Taking the Pill Can Reduce the Risk of Diabetes in Women with Polycystic Ovarian Syndrome

Polycystic ovary syndrome affects one in ten women of childbearing age. The affected women have an increased risk of developing type II diabetes. Fortunatly taking the pill can reduce their risk of developing diabetes by 25% according to a new study.

Ovary

Ovary

Read Also: 3D Printed Artificial Ovaries Draw Closer to Reality

Polycystic ovarian syndrome

Polycystic ovary syndrome (PCOS) affects only women of childbearing age, from adolescence to menopause. It is the leading cause of infertility in women. It is a hormonal disorder. In those affected, an excess of testosterone is produced, which causes the following symptoms:

  • Irregular or no menstruation, due to very little or no ovulation
  • Hair growth on the face, chest, back, and  buttocks
  • Acne and/or oily skin
  • Hair loss
  • Excess weight

NB: The name polycystic ovarian syndrome is misleading! It is not cysts on the ovaries, but the undeveloped follicles, initially mistaken for cysts that are the cause of the condition. This disease is also known as Stein-Leventhal syndrome, ovarian dystrophy, or polycystic ovarian disease.

Read Also: Platelet-Rich Plasma (PRP) and Gonadotropins Potential Treatments to Restore Fertility in Perimenopausal Women

Symptoms vary greatly from one woman to another; the disease is more or less disabling, depending on the patient. In addition, excess weight predisposes to insulin resistance: PCOS is associated with an increased risk of developing type 2 diabetes. Although there is no cure for PCOS, a new study published in October 2021 in the journal Diabetes Care suggests that taking an oral contraceptive in women with PCOS reduces the risk of developing type 2 diabetes.

The pill to reduce the risk of type 2 diabetes

A retrospective study was conducted in the United Kingdom. It included 64,051 women with PCOS and 123,545 women without PCOS (control group). At the first phase of the study, the authors analyzed the risk of developing type 2 diabetes. Women with PCOS were twice as likely to develop type 2 diabetes as women without PCOS. Also, women with PCOS and hyperlipidemia were even more likely to develop type 2 diabetes.

Read Also: Endometriosis Latest Facts: Etiology, Symptoms, Diagnosis, Treatment, and Complications

In a second phase, the authors wanted to study the effect of using an oral contraceptive in a group of 4,814 women with PCOS. It was found that taking an oral contraceptive reduces the risk of developing type 2 diabetes by 25%.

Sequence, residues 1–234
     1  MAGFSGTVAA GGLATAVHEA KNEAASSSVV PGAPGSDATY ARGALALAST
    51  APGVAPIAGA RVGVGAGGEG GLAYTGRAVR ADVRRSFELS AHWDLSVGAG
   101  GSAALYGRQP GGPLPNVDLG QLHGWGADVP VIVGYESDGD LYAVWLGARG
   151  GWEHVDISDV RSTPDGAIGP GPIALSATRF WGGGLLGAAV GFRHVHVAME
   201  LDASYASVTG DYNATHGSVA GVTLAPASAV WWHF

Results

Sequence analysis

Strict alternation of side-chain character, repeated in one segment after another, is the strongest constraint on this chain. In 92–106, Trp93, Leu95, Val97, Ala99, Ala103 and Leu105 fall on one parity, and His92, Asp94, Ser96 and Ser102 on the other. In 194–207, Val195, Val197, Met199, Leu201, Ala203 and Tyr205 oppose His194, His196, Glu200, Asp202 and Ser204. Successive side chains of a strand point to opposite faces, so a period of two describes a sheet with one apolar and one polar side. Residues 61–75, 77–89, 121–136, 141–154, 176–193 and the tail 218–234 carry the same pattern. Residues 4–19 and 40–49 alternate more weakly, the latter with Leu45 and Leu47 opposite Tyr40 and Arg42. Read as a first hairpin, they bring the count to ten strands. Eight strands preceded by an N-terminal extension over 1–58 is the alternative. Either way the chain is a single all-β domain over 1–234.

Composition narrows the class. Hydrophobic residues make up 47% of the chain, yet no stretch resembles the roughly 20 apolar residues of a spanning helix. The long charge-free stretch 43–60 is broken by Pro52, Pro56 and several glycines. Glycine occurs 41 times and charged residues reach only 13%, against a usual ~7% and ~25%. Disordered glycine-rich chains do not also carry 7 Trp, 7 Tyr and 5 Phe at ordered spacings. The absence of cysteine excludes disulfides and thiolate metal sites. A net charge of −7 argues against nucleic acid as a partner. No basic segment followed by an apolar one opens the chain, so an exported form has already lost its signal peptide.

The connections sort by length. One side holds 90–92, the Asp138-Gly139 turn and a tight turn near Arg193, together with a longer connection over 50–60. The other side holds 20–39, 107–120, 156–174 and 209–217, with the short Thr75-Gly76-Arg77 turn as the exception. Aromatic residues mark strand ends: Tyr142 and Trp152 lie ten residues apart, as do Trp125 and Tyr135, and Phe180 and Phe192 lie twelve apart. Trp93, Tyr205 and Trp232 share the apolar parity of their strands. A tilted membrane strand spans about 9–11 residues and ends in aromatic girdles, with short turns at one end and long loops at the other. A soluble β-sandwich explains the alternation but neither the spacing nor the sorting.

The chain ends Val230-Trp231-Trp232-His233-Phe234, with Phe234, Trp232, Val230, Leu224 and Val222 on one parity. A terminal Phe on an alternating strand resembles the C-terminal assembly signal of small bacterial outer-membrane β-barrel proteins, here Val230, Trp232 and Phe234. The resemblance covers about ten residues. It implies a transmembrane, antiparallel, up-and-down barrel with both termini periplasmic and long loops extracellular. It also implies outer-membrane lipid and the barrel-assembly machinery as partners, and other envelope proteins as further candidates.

The circumstances under which PCOS is discovered are very often reproductive difficulties. If PCOS is the sole cause of the couple’s infertility, ovulation induction is suggested. This involves initially taking a drug, clomiphene citrate. Injectable gonadotropins can be used as a second-line treatment. Multiple pregnancies are common as a result of the treatment and the parents should be aware of this.

Read Also: New DNA Test Can Tell if You Had Twins That Did Not Survive in Utero

Another technique is to drill small holes in the surface layer of the ovaries to restore normal ovulation and thus natural pregnancy. This technique is called “drilling” of the ovaries. In this case, the risk of multiple pregnancies is no greater than in a “natural” pregnancy. Finally, as a last resort, IVF can be proposed.

In the situation when pregnancy is still sought, it is impossible to prescribe the pill to reduce the risk of type 2 diabetes. However, the pill could be suggested in the future.

References

Polycystic Ovary Syndrome, Combined Oral Contraceptives, and the Risk of Dysglycemia: A Population-Based Cohort Study With a Nested Pharmacoepidemiological Case-Control Study

Articles you may like:

Finnish Scientists Produce Lab-Grown Coffee That Tastes Like the Real Thing

7 Diseases That Are Transmitted through Tick Bites That You Should Be Aware Of

Burnout Latest Facts: Causes, Risk Factors, Symptoms, Treatment and How to Protect Yourself at Work?

HGH Dosages Currently Being Used for Anti Aging, Weight Loss, and Bodybuilding

Health Insurance: Why It Is Important to Be Insured All the Time

How to Grow Taller

Vaping: Not as Safe as You Think

Chronic Pain Can Lead To Anxiety and Depression According to NeuRA Study

VigRX Plus: Counterfeits are in The Market Warns Leading Edge Health

Giving Employees the Possibility to Take a 30 Minute Nap Improves Productivity

Global Food Security: Climate Change Is Likely to Cause More Plant Diseases Which Will Affect Crop Yield

HGH Benefits: A list of What to Expect From Using Human Growth Hormone (Somatropin)

Vaccination rates below 90% Could Paradoxically Promote the Emergence of Resistant Variants

Nightmare Scenario: Could the Current Poorly Implemented Vaccination Campaign Lead to More Deadly SARS-CoV-2 Strains

Drinking Too Much Coffee Can Reduce Brain Size, and Cause Dementia

Possible Causes of the Sudden Fall In COVID-19 Infections in the UK and Europe

SARS-CoV-2 Transmissibility: Can You Really Catch COVID-19 through Flatulence (Farts)?

Moderna and Pfizer’s mRNA Vaccines Do Not Make Straight Men Gay

Gilmore Health News

Coronavirus: The Real and False Side Effects of COVID-19 Vaccines

Sponsored:

Genf20 Plus

Growth Factor Plus

FEEDBACK:

Conversation

Want to Stay Informed?

Join the Gilmore Health News Newsletter!

Want to live your best life?

Get the Gilmore Health Weekly newsletter for health tips, wellness updates and more.

By clicking "Subscribe," I agree to the Gilmore Health and . I also agree to receive emails from Gilmore Health and I understand that I may opt out of Gilmore Health subscriptions at any time.